But the opener set the tone, and the tone was that women are held to a higher standard than men. It’s okay for men to say stupid things about stay-at-home mothers (but not parents?), but women somehow have this innate, caring response that ought to be the first thing out of their mouths.
Sorry. It doesn’t work that way. I’ve been a SAHM and a working mom. People’s response to this is always one that comes from their perspective and takes no account of whether you’re doing what you want to or why. When I wanted to be a SAHM mom, people told me I needed to be supporting my family. When I didn’t want to be but was, people told me they were so jealous that I got to be at home. When I was working, people told me I was selfish and needed to pay more attention to my kids.
At all of these points, I was also told by other people that I had made the right choice. It’s funny how few people ever asked me what I wanted to do or if I was doing it. The reality is that, in each of these situations, I was doing what needed to be done for the good of my family, and each response had nothing to do with me and everything to do with the perspective of the person speaking those words.
When I find out someone is staying home or working, my response is, “How do you feel about that?” If they’re enjoying their current situation, a good response is, “Glad it’s working out for you.” If they’re not, I wish them luck in getting things sorted out so they can be more comfortable. It’s really not my place to say what’s best for them.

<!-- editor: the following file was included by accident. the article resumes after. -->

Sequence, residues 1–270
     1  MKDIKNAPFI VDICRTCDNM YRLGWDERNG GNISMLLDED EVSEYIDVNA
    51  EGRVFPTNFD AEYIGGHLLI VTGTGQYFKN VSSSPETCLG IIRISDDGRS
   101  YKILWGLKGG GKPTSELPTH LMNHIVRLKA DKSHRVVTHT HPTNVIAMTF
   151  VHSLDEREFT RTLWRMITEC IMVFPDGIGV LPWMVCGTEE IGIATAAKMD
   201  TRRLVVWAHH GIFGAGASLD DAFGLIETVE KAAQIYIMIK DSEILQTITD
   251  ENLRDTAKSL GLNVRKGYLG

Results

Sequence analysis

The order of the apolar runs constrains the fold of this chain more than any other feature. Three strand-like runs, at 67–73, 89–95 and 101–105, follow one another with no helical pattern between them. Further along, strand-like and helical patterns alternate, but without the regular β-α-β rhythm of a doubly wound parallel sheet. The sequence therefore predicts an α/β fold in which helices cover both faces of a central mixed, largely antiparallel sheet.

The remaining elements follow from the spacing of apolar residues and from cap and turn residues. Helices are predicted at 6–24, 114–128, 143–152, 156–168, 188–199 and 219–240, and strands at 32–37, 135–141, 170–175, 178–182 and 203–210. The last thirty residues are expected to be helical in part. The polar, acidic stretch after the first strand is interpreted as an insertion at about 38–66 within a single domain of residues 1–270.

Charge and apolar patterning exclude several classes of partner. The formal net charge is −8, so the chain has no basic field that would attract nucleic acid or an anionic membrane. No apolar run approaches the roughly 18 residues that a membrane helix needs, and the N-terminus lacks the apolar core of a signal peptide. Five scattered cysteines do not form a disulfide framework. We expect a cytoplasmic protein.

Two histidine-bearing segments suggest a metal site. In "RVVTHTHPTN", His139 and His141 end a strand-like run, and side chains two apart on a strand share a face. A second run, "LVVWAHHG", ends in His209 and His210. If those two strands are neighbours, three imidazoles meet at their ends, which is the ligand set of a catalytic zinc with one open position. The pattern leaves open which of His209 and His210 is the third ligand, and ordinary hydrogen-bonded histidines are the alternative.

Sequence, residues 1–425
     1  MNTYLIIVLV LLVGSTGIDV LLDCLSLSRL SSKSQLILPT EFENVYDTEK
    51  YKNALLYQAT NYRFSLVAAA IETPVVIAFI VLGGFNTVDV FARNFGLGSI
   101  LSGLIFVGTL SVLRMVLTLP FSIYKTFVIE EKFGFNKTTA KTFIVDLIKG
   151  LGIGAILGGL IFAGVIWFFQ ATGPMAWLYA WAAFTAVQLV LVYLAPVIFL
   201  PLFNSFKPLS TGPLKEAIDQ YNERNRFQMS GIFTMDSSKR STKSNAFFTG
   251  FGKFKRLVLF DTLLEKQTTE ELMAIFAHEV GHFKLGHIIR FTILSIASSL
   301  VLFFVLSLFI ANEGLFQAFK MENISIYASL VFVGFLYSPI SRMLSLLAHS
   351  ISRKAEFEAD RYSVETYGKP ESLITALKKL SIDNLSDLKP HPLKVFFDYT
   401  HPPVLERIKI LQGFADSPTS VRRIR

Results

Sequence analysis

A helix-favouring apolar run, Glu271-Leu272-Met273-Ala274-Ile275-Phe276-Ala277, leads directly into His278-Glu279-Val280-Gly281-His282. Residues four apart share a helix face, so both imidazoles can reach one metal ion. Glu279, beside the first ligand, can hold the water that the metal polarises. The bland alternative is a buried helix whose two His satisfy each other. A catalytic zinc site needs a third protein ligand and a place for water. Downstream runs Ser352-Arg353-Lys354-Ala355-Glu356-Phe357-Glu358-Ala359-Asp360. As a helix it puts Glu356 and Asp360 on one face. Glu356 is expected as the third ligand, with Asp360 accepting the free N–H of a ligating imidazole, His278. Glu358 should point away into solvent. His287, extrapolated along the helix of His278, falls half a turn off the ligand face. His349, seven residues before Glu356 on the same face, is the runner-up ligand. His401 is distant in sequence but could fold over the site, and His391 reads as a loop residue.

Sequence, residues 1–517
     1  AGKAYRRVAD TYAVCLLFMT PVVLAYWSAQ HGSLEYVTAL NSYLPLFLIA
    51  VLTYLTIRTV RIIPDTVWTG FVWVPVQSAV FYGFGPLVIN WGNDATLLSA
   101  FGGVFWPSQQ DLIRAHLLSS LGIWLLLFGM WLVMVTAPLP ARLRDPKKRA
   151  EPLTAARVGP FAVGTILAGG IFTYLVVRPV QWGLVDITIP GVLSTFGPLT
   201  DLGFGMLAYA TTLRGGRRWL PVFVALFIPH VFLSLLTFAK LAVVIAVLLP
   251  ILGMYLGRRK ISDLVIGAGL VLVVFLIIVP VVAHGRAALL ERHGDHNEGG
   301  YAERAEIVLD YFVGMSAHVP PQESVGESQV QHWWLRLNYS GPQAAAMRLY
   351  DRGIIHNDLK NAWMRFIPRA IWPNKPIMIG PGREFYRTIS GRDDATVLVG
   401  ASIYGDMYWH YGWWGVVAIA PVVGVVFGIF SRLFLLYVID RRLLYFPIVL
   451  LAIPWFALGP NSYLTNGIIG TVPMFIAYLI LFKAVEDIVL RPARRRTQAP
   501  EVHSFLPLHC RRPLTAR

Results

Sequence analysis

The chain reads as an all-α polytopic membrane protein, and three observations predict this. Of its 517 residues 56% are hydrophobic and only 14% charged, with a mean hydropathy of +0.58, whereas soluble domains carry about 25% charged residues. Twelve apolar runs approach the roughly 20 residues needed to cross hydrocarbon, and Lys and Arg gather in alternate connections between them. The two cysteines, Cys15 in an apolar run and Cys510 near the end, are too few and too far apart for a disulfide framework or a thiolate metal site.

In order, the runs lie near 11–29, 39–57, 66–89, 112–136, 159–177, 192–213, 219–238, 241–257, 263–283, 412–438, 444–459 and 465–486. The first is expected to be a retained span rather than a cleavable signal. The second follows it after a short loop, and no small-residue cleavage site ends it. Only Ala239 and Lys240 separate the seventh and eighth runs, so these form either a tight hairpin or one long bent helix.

The post that started all this, however, didn’t. It came down firmly on the side of women needing to be stay at home moms.
Of course not all women can be at home full time. It’s one thing to acknowledge that; it’s quite another to paint it as the ideal. To call it the ideal, is to claim that children IDEALLY would spend LESS time around their mothers. This is madness. Pure madness. It isn’t ideal, and it isn’t neutral. The more time a mother can spend raising her kids, the better. The better for them, the better for their souls, the better for the community, the better for humanity. Period.
No. It’s not as cut and dried as that. Some moms really don’t want to be home. Some moms are better being around other adults: being the sole caretaker for children with no adult interaction makes them depressed or anxious. (I believe this was covered in the 60s in Friedan’s Feminine Mystique.) I wouldn’t doubt that having mom home all the time may be advantageous for some kids, but I don’t know that it’s always the best choice for the whole family.
If mama ain’t happy, ain’t nobody happy.
If mom is going nuts staying home with the kids, I seriously doubt that’s the best situation for the kids, either. Having a depressed or anxious mom who views you as a toddling, diapered impediment to her happiness isn’t good for anything. What do we tell people to do if they’re unhappy with their job? Quit and find another because it’s not good to be in a stressful situation. Obviously, quitting being a parent isn’t an option, but finding time away from parenting certainly is.
The other thing that irritated me about this post was this: